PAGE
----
Bunta Sugawara, Tatsuo Umemiya, Hiroki Matsukata, Mikio Narita
Cops vs. Thugs is considered by many to be director Kinji Fukasaku's finest film, a memorable film that was made at the height of popularity for Toei Studios' Jitsuroku films - modern crime motion pictures based upon true stories taken out of contemporary headlines. This 1970's classic features Fukasaku reuniting with frequent collaborators including screenwriter Kazuo Kasahara, composer Toshiaki Tsushima, and the film's star, Bunta Sugawara.
The film takes place in 1963 Kurashima, a southern Japanese city where Detective Kuno (Sugawara) oversees a detente between the warring Kawade and Ohara gangs. Emphasizing personal honor and duty, Kuno knows that the underground has no clear boundaries and the fragile peace becomes interrupted alongside the arrival of an ambitious lieutenant (Tatsuo Umemiya) forcing Kuno to face a painful choice between loyalty to his badge and honoring a promise to his brother.
Cops vs. Thugs is a good ole' fashioned hardboiled thriller, a film that resonates emotionally while bearing all the trademarks that one has when watching a yakuza film. The film's solid ensemble cast performs quite ably, giving the film an impact both emotionally and intellectually. While likely not a good film for the inexperienced viewer of Japanese yakuza films, those who've become accustomed to the films will find much to enjoy here and will appreciate the usual high quality packaging offered by Arrow films.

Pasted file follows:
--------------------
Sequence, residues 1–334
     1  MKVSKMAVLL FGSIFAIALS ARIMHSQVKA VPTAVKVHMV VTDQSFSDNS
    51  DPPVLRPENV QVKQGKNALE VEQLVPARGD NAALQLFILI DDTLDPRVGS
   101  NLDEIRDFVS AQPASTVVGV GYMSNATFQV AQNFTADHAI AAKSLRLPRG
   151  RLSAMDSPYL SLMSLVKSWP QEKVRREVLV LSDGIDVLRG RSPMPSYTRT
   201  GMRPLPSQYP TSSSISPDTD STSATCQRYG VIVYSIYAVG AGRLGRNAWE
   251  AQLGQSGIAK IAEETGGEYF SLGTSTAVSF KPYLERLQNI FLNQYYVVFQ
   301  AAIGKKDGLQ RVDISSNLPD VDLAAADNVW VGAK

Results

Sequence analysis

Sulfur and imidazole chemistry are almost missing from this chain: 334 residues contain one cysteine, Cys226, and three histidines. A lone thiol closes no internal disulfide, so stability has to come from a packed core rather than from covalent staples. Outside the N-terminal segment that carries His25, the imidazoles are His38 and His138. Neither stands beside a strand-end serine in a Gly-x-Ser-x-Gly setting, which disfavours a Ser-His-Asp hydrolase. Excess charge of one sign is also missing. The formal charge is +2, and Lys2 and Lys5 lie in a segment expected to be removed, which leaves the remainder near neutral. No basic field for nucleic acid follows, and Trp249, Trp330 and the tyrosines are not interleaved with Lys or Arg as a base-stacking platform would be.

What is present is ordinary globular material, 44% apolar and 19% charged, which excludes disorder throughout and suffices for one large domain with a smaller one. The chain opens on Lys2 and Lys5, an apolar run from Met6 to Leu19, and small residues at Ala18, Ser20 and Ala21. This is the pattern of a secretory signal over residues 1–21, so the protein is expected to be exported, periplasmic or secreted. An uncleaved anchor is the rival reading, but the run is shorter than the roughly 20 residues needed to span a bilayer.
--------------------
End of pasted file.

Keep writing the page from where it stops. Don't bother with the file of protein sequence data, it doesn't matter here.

For more information on Cops vs. Thugs, visit the Arrow Films website linked to in the credits.
SPECIAL EDITION CONTENTS
- High Definition digital transfer
- High Definition Blu-ray (1080p) and Standard Definition DVD presentations
- Original uncompressed mono audio
- Optional English subtitles
- Beyond the Film: Cops vs Thugs, a new video appreciation by Fukasaku biographer Sadao Yamane
- A new visual essay on cops & criminals in Fukasaku's works by film scholar Tom Mes
- Theatrical trailer
- Reversible sleeve featuring original and newly commissioned artwork by Ian MacEwan
© Written by Richard Propes
The Independent Critic